Being a popular cruising destination, Southampton is easy to reach from other cities in the UK and in the world.

The Android robot picture is copyrighted by Google. It is licensed under the Creative Commons 3.0 Attribution Unported license. The British robot version has been derived by Bootlin, and is available under the same license. Feel free to reuse it and improve it as long as you keep the original author!

Bootlin New Year – 2014

A French version also exists.

The Bootlin team wishes you a Happy New Year for 2014, with plenty of optimism and energy!

We are taking this opportunity to give some news about Bootlin.

In 2013, Bootlin significantly increased its contribution to open-source projects, especially at the Linux kernel level.

639 patches integrated in the Linux kernel, mainly to improve support for Marvell ARM processors and Allwinner ARM processors. For all kernel releases published in 2013, Bootlin has been in the top 30 contributing companies. We now have a significant experience in integrating support for ARM processors in the Linux kernel, and we expect to work more in this area in 2014.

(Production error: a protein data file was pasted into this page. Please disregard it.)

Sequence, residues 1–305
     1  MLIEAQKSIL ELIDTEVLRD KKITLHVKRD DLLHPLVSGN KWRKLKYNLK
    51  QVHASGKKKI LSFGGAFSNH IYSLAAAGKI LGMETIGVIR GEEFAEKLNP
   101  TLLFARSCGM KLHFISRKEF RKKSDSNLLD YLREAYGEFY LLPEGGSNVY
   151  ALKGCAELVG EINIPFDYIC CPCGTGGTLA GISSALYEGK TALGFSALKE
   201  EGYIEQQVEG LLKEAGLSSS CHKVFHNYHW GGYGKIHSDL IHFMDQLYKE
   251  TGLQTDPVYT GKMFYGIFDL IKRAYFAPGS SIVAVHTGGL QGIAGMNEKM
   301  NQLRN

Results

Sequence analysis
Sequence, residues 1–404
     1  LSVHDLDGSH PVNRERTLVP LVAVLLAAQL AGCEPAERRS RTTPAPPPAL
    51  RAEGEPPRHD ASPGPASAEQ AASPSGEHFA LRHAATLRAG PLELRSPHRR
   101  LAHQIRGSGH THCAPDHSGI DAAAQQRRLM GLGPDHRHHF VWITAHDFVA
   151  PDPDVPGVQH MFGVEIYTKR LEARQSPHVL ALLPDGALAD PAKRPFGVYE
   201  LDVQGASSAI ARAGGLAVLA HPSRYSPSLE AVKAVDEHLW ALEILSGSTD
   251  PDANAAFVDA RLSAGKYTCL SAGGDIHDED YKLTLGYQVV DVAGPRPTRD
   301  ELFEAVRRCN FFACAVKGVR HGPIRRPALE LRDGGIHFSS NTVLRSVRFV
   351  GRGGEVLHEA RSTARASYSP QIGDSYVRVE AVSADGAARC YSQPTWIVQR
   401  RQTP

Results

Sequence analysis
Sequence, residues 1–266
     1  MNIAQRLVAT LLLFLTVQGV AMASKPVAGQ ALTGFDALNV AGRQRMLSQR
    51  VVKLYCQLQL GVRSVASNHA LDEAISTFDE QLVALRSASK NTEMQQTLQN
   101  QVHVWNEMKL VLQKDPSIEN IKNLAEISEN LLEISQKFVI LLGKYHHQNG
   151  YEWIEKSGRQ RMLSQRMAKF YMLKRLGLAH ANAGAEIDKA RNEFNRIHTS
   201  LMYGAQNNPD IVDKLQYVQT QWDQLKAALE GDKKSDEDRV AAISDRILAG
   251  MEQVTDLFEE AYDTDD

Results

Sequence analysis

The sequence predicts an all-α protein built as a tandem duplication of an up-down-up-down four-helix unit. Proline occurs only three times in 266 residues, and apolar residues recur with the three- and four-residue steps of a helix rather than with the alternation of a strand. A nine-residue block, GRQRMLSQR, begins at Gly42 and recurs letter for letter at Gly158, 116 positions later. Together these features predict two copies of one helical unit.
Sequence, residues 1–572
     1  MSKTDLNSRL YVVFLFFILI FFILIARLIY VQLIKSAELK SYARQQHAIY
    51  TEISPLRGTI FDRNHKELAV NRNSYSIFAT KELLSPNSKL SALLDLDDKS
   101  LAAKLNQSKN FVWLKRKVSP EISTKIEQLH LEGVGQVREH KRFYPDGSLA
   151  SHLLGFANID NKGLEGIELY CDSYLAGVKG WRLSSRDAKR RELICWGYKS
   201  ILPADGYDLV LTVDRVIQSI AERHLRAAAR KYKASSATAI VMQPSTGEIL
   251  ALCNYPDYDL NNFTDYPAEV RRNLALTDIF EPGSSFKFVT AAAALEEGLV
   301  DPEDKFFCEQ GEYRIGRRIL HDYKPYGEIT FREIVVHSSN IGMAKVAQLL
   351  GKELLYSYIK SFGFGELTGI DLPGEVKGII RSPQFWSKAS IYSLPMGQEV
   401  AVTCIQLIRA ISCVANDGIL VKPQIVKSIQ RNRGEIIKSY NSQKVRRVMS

595 patches integrated in the Buildroot embedded Linux build system, in a large number of areas, making Bootlin the second most important contributor after Buildroot’s maintainer. This effort allows Bootlin to keep an up-to-date expertise in cross-compilation and build systems.

26 patches integrated in the Barebox bootloader:

22 patches to the Yocto Freescale layer, mainly adding support for the Crystalfontz boards. In the process, a new image type was developed and significant improvements were made to the Barebox recipe.

Several of these contributions, and many other activities, were driven by development and consulting activities in 2013, with mainly:

  • Linux kernel code development, adding and maintaining support for customer ARM processors or boards in the mainline Linux kernel. Especially on Marvell and Freescale processors.
  • Linux kernel, driver development and build system integration for an Atmel SAMA5 based medical device.
  • Development of Linux kernel drivers for radio-frequency transceivers, on an Atmel SAMA5 based home automation platform.
  • Boot time optimization audits.
  • Buildroot consulting and audit.

We have also significantly improved and updated our training courses:

  • Our embedded Linux and kernel driver development course was updated to use the BeagleBone Black platform, to cover the usage of the Device Tree on ARM platform, and to use a fun I2C device to illustrate the development of a device driver in our labs.